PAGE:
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Errors in

Chemical
Analysis
CHAP 5
Data quality
Measurements invariably involve errors and
uncertainties.
Uncertainties can never be completely eliminated,
measurement data can give us only an estimate of
the true value.
Reliability can be assessed in several ways:
Experiments designed to reveal the presence of
errors
Compared with the known compositions
Consult to the chemical literature
Equipment Calibration
Statistical tests
Representative Data
Chemists usually carry two to five portions
(replicates) of a sample through an entire
analytical procedure.
Replicates are samples of about the same size that
are carried through an analysis in exactly the same way.
One usually considers the best estimate to be
the central value for the set:
Usually, the mean or the median is used as the
central value for a set of replicate measurements.
The variation in data allows us to estimate the
uncertainty associated with the central result
The Mean and Median
The most widely used measure of central value
is the mean, . The mean, also called the
arithmetic mean, or the average,

where xi represents the individual values of x
making
up the set of N replicate measurements.
The median is the middle result when
replicate
data are arranged according to increasing or
decreasing value.
Example for Mean & Median

Precision
Describes the reproducibility of
measurements
Or, the closeness of results that have been
obtained in exactly the same way.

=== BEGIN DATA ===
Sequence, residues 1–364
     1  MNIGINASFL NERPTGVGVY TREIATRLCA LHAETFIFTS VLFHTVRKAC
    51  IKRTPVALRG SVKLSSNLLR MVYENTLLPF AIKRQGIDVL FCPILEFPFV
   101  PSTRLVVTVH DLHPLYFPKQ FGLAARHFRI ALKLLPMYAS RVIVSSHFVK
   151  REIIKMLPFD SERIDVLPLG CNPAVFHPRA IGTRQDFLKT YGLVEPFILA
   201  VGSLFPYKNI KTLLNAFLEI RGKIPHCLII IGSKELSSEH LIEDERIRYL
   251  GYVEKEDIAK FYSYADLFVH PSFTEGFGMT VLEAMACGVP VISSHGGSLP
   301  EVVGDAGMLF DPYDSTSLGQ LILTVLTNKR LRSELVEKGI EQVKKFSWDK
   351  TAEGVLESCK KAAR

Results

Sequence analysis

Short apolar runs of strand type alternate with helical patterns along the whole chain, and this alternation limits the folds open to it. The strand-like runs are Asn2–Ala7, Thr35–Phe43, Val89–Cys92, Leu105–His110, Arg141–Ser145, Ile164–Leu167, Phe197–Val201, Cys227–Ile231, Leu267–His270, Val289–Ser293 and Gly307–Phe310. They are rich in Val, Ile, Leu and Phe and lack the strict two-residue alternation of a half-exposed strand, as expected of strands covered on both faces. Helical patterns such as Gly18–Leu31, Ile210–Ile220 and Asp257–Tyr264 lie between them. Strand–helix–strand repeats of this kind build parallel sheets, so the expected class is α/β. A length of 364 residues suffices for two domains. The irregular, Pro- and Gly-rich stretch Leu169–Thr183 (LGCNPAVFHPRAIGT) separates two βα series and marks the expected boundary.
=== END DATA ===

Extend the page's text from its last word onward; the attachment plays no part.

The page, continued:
Three terms are widely used to describe the
precision of a set of replicate data:
standard deviation;
variance;
coefficient of variation.
Deviation from the mean:
Accuracy
Indicates the closeness of the measurement to
the true or accepted value
Expressed in terms of either absolute or relative
error.
Absolute error:
where xt is the true or accepted value of the
quantity
We retain the sign in stating the absolute error.
Relative error:
The difference between accuracy and
precision
Types of Errors in Experimental Data
The precision of a measurement is
readily determined by comparing data
from carefully replicated experiments.
To determine the accuracy, we have
to know the true value, which is
usually what we are seeking in the
analysis.
Analyst 1: relatively high precision & high accuracy
Analyst 2: poor precision but good accuracy
Analyst 3: excellent precision & significant error in the
numerical average for the data
Analyst 4: poor precision & poor accuracy
Types of Errors
Random (or indeterminate) error:
Affect measurement precision
Causes data to be scattered more or less
symmetrically around a mean value.
Analysts 1 and 3 is significantly less than that for
analysts 2 and 4.
Systematic (or determinate) error:
Affect the accuracy of results
Causes the mean of a data set to differ from the
accepted value.
Analysts 1 and 2 have little systematic error;
Analysts 3 and 4 show systematic errors of about -
0.7% and -1.2%.
Gross error:
Often the product of human errors.
usually occur only occasionally, are
often large, and may cause a result to
be either high or low.
lead to outliers, results that appear to
differ markedly from all other data in a
set of replicate measurements.
Systematic Errors
Lead to bias in measurement results
Bias affects all of the data in a set in the same
way and that bears a sign
Three types:
Instrumental errors are caused by nonideal
instrument behavior, by faulty calibrations, or by
use under inappropriate conditions.
Method errors arise from nonideal chemical or
physical behavior of analytical systems.
Personal errors result from the carelessness,
inattention, or personal limitations of the
experimenter.
Instrument Errors
All measuring devices are potential
sources of systematic errors.
Calibration eliminates most
instrumental systematic errors.